The Praetorian Guard, which was duty bound to support the MOU it had facilitated, had been instrumental in ensuring it was captured in the first draft, which had been known as the “Bomas Draft”. They supported the “No” campaign which had become synonymous with supporting the “Bomas” position of an “Executive prime-minister”.

Despite having all the state machinery at its disposal, the sitting government of Kibaki and his Mount Kenya cronies were no match for the praetorian led Imperial forces who managed to twist the public in Railas favor.

Well, the referendum failed to pass the proposed constitution and it was soon forgotten about as the groups that had been formed around the two campaigns became “movements”, with one even adopting its campaign name for a party name. Since these movements had no ideals but the grabbing of power, the greed and mistrust in their midst caused the key players to take off in different routes.

Important note!

The Praetorian Guard and the Imperial powers don’t really care who takes power between Kibaki, Raila, Musyoka or any other politician who holds a substantial interest in the current economic dispensation. They know that these individuals would not jeopardize their interests by changing the foundations of the system. For as long as the ‘Title Deed’ is held sacred, then their land holdings shall remain protected. For as long as long as the person in power has retained some wealth in the stock markets, no law shall interfere with Bonds and Stocks. Once one has tasted the easy money of being a local partner (protector) of a foreign investment, they will always be open to new opportunities of commodifying critical aspects of the people’s lives and selling them to these foreigners for a minimal profit.

Once one has been corrupted, they always stand to be corrupted some more. To survive and rise in this corrupted system, one has to be corrupt. The Praetorian Guards are masters at corruption. It is their primary weapon of control.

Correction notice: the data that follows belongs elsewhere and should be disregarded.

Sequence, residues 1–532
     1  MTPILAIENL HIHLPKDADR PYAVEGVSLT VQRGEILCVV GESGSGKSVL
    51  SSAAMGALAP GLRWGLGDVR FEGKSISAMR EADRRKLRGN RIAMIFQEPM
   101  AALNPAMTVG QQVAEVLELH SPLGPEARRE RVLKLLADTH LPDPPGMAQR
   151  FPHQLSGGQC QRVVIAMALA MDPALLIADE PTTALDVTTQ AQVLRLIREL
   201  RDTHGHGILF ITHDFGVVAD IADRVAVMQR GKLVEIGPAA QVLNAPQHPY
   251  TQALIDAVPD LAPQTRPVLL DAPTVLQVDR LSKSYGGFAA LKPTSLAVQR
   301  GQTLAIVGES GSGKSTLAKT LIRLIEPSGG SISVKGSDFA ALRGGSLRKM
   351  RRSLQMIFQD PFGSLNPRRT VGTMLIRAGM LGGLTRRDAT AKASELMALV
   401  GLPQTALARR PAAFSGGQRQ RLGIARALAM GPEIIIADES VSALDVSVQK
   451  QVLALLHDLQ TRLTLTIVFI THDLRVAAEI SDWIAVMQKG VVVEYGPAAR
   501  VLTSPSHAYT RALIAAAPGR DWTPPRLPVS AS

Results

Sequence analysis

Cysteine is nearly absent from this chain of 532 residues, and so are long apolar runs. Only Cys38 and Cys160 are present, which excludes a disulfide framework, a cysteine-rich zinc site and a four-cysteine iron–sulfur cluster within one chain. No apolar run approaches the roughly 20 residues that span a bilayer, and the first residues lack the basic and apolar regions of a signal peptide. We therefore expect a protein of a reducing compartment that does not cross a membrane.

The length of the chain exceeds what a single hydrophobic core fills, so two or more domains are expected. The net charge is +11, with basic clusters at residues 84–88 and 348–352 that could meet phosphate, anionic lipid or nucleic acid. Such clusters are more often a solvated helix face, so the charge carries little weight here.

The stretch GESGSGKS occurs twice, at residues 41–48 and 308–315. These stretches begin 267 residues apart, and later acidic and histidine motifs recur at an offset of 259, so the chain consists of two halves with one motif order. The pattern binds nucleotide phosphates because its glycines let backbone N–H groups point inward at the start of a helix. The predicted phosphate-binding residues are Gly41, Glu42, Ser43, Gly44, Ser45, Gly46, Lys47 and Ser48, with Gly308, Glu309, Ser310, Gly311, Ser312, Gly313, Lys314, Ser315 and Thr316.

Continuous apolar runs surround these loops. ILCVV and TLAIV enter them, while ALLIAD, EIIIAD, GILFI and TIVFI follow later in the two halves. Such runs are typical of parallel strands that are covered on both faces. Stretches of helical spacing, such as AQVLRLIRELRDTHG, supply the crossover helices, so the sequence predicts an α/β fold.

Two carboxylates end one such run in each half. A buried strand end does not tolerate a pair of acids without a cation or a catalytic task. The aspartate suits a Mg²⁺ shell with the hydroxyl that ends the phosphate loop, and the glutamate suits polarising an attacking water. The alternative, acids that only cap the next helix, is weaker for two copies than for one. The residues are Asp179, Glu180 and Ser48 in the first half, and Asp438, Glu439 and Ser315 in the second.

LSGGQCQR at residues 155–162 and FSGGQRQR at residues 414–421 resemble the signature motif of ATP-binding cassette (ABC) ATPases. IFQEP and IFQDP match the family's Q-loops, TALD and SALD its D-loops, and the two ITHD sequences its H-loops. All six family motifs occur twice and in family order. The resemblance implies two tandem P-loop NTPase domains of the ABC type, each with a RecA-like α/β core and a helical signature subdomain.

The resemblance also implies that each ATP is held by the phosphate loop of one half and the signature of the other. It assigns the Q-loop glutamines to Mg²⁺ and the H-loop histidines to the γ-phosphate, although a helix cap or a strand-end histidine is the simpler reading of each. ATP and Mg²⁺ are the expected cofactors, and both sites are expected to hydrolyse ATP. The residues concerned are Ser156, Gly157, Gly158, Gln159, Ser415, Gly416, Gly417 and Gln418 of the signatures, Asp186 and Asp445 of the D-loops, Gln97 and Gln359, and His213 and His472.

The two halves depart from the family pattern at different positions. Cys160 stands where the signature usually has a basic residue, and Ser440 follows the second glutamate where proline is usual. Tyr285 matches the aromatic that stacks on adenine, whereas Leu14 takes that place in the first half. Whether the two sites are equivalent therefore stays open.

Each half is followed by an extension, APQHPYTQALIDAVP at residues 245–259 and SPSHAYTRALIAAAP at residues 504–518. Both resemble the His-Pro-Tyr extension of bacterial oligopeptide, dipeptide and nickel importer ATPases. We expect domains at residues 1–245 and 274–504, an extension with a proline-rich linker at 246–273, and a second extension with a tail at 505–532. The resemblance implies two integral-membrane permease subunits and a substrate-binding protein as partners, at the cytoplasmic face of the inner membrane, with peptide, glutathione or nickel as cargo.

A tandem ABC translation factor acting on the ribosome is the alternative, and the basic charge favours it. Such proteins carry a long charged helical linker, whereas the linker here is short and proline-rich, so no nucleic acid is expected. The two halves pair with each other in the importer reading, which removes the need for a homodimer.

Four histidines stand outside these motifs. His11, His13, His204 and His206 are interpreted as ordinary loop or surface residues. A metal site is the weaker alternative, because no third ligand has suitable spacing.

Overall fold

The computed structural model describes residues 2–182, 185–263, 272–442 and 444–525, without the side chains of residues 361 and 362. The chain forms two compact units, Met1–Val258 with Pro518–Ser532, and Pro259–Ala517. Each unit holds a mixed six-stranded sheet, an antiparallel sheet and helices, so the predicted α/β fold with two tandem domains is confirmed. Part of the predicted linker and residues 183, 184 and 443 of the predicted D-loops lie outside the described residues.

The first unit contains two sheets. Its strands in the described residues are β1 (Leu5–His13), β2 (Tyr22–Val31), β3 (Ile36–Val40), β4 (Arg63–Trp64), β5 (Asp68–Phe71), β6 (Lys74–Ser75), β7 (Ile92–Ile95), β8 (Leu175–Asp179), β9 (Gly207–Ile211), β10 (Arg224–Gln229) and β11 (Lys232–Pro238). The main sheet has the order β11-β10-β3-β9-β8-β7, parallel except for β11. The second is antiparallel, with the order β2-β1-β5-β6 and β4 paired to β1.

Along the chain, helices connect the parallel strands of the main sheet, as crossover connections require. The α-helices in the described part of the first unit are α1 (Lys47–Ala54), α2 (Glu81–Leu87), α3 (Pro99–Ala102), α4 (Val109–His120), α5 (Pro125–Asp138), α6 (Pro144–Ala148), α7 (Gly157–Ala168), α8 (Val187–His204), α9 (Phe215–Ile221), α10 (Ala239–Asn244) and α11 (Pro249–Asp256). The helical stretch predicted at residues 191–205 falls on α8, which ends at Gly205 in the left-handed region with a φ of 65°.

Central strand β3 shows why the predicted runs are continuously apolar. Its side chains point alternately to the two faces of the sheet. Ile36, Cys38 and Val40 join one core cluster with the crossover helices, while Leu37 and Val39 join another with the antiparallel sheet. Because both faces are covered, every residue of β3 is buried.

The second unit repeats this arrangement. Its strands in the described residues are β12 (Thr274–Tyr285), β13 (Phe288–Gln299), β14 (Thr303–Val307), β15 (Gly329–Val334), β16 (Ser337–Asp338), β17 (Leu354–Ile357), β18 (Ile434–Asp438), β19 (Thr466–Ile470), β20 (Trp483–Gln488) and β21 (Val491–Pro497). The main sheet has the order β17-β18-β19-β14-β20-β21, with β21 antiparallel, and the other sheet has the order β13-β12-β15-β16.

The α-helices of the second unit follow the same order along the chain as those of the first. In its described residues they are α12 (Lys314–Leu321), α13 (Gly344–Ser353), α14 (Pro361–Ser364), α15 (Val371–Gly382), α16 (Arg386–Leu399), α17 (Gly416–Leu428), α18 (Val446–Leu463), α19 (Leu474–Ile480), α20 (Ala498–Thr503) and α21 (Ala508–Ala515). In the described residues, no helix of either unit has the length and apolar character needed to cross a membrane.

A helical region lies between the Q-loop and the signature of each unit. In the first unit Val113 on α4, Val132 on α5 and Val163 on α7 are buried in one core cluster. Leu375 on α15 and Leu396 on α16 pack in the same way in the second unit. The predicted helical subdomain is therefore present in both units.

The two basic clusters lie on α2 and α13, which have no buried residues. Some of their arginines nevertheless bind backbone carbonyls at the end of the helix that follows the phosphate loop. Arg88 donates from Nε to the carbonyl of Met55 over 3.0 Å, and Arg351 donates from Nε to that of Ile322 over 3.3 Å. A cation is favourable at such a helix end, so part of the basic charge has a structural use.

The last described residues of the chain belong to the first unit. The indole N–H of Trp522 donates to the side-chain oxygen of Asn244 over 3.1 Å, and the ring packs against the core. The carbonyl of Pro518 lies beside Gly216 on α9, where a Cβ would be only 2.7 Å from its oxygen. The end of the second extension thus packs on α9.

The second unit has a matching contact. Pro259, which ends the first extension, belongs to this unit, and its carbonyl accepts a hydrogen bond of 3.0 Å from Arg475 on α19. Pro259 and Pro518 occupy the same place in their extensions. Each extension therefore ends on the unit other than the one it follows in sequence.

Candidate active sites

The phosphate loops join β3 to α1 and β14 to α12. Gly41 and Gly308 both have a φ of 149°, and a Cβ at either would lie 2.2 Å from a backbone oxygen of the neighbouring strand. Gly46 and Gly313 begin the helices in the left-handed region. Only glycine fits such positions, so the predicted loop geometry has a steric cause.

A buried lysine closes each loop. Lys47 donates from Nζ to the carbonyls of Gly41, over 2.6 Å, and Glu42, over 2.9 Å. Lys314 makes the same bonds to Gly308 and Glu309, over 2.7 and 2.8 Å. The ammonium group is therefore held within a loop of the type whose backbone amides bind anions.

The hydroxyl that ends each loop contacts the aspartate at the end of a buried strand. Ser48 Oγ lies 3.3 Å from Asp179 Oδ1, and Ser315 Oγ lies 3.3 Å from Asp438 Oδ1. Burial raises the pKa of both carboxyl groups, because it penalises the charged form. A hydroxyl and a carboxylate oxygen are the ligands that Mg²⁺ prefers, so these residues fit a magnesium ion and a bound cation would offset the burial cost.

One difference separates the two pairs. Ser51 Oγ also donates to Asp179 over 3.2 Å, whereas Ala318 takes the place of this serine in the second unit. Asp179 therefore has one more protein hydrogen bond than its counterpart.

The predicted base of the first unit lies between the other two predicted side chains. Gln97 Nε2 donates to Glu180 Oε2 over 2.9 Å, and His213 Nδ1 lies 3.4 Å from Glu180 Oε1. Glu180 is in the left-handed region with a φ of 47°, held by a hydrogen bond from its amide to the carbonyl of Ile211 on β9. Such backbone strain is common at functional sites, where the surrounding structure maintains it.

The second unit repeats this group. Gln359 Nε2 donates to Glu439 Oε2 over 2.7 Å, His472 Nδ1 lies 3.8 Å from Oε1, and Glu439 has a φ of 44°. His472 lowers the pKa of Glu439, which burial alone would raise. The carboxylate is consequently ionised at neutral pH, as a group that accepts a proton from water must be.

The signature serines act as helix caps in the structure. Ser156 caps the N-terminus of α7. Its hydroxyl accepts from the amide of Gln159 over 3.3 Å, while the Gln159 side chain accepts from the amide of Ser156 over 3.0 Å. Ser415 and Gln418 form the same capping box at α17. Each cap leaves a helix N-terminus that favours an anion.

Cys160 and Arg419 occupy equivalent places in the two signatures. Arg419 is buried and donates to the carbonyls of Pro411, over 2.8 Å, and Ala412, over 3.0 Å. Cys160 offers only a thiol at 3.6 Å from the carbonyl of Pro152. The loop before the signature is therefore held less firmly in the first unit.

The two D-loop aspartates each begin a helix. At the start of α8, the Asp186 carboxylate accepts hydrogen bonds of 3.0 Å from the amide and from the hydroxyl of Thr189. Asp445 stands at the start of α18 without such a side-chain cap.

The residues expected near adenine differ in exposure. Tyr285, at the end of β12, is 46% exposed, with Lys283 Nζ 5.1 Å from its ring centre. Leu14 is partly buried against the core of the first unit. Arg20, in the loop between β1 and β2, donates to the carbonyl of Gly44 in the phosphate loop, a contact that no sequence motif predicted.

What is important for them is that they identify those with power, or with potential for power, induct them into the principles of liberalism, bind them with material trappings (easy money to change their lifestyles irreversibly) and give them a stake in the capitalist system. Once they are in, fund their activities (and eventually their campaigns), create strong strings of control, then shove them into the political playing field.

Today, almost all the faces that make it to the public’s attention especially through the mass media, have been made by the Praetorian Guard. Those who have tried to make their way through other channels e.g. media personalities, have found the political field tough and have either agreed to fall under the praetorian’s command or have found themselves in the cold. Even their previous ventures have been destroyed.

This is the nature of the Praetorian Regime.

2007

 As the masses were driven into a frenzy over the elections, the Imperial Powers strategically placed themselves behind all campaigns. The three paramount chiefs Mwai Kibaki, Raila Odinga and Kalonzo Musyoka, were seen criss-crossing Europe and North America pledging their loyalty to whoever will fund their campaigns. Upon their every return they were greeted as “descending gods” by their fully supplicated tribal followers.

Through the direction of the local guard, the Global powers channeled their support for the different campaigns through the different corporations and foundations which exist for such purposes. A lot of the financing and support also went to the media who besides running campaigns for these three horses, also ran separate campaigns for the election process itself. Anyone refusing to be caught up in this madness was labeled an “unpatriotic idiot”.